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Newest Young Adult Non-fiction Book:
The King of Sports : Football's Impact on America by Greg Easterbrook
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Gridiron football is the king of sports, the biggest game in the strongest and richest country in the world. Of the twenty most-watched television broadcasts ever, both in the United States and internationally, all twenty were Super Bowls.

In The King of Sports, Gregg Easterbrook, author of the wildly popular ESPN column Tuesday Morning Quarterback, takes on football's place in American society. Easterbrook tells the full story of how football became so deeply ingrained in American culture. Both good and bad, he examines its impact on American society at all levels of the game.


More New Young Adult Non-Fiction:
The Family Romanov : Murder, Rebellion, and the Fall of Imperial Russia by Candace Fleming
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Here is the tumultuous, heartrending, true story of the Romanovs, at once an intimate portrait of Russia's last royal family and a gripping account of its undoing.

Using captivating photos and compelling first-person accounts, award-winning author Candace Fleming deftly maneuvers between the imperial family's extravagant lives and the plight of Russia's poor masses, making this an utterly mesmerizing read.

For the Good of Mankind?: The Shameful History of Human Medical Experimentation by Vicki O. Wittenstein
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Experiment: A child is deliberately infected with the deadly smallpox disease without his parents' informed consent. Result: The world's first vaccine.

Experiment: A slave woman is forced to undergo more than thirty operations without anesthesia. Result: The beginnings of modern gynecology.

Incidents like these paved the way for crucial, lifesaving medical discoveries. But they also harmed and humiliated their test subjects, many of whom did not agree to the experiments in the first place. How do doctors balance the need to test new medicines and procedures with their ethical duty to protect the rights of human subjects? Take a harrowing journey through some of history's greatest medical advances and most horrifying medical atrocities to discover how human suffering has gone hand in hand with medical advancement.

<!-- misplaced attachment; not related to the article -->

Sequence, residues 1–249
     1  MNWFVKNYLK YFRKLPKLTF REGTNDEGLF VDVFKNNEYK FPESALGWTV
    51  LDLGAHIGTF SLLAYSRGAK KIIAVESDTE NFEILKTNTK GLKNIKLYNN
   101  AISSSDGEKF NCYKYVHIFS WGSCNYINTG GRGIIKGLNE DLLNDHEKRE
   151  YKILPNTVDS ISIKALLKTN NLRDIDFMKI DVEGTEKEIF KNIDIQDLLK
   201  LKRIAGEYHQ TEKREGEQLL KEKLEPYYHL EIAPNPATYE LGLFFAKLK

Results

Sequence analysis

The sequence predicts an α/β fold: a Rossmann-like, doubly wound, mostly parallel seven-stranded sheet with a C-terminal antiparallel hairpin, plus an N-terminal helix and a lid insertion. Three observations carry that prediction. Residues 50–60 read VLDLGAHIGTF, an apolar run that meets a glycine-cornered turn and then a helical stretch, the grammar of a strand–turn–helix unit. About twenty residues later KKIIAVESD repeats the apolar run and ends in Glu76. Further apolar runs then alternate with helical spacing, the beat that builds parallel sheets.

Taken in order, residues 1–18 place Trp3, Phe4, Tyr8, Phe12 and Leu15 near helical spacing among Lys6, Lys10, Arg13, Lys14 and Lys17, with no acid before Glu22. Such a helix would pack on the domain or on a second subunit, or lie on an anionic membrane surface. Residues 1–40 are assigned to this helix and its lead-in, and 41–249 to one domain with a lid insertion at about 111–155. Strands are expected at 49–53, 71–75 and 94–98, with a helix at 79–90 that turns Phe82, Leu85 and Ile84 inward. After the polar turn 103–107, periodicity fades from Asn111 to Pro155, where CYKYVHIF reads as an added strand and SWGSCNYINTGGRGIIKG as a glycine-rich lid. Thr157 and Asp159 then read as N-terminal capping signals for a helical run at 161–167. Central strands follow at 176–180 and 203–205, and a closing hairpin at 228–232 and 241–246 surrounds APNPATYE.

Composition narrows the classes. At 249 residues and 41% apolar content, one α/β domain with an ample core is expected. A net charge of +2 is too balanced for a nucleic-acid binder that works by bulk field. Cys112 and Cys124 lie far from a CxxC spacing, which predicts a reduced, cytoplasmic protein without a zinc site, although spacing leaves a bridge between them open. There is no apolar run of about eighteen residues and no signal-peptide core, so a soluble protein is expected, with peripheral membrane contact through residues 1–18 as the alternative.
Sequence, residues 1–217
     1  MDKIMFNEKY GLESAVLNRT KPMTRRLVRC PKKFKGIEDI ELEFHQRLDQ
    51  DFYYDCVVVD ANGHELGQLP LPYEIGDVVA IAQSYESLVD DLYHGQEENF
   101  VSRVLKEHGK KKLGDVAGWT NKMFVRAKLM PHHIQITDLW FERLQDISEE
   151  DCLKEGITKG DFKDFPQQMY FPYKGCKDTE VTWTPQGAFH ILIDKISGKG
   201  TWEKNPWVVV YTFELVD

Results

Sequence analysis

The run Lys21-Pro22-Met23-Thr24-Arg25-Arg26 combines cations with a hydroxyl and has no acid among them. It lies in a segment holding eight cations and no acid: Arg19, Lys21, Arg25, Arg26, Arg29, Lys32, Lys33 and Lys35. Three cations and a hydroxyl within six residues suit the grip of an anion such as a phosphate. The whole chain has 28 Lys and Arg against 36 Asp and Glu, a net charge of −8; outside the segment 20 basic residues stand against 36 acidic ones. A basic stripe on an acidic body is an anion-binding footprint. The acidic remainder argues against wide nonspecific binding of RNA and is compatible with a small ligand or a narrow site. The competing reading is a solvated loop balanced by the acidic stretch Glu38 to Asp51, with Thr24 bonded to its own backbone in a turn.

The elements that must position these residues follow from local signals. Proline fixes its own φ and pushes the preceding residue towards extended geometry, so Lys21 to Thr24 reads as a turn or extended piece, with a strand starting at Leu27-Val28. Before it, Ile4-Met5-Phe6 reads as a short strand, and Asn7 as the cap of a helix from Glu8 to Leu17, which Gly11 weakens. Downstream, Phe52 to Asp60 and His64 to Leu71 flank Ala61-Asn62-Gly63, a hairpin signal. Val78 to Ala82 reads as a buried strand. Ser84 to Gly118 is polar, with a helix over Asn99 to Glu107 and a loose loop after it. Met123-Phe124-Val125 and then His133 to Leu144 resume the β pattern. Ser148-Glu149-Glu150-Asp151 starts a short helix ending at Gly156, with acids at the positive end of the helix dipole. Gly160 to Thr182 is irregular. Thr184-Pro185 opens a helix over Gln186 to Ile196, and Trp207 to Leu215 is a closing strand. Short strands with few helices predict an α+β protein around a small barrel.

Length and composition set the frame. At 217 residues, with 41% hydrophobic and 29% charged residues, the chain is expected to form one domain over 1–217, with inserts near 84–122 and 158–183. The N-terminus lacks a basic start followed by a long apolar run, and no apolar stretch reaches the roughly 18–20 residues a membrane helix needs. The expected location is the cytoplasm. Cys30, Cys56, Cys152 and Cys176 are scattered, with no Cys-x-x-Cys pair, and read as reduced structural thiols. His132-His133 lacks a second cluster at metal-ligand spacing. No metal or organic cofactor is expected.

A Volcano Beneath the Snow: John Brown's War Against Slavery by Albert Marrin
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John Brown is a man of many legacies, from hero, freedom fighter, and martyr to liar, fanatic, and the father of American terrorism.

Some have said that it was his seizure of the arsenal at Harper's Ferry that rendered the Civil War inevitable. Brown believed that God had chosen him to right the moral wrong of slavery. He was willing to die for something modern Americans agree was a just cause. Yet he was willing to kill for it, too, in the name of righteous violence.

Award-winning nonfiction author Albert Marrin brings nineteenth-century issues into the modern arena with ease and grace in a book that is sure to rivet readers and spark serious discussion.

Shackleton: Antarctic Odyssey by Nick Bertozzi
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Ernest Shackleton was one of the last great Antarctic explorers, and he led one of the most ambitious Antarctic expeditions ever undertaken.

This is Shackleton's story and the story of the dozens of men who threw in their lot with him, many of whom nearly died in the unimaginably harsh conditions of the journey. It's an astonishing feat, and was unprecedented at the time, that all the men in the expedition survived.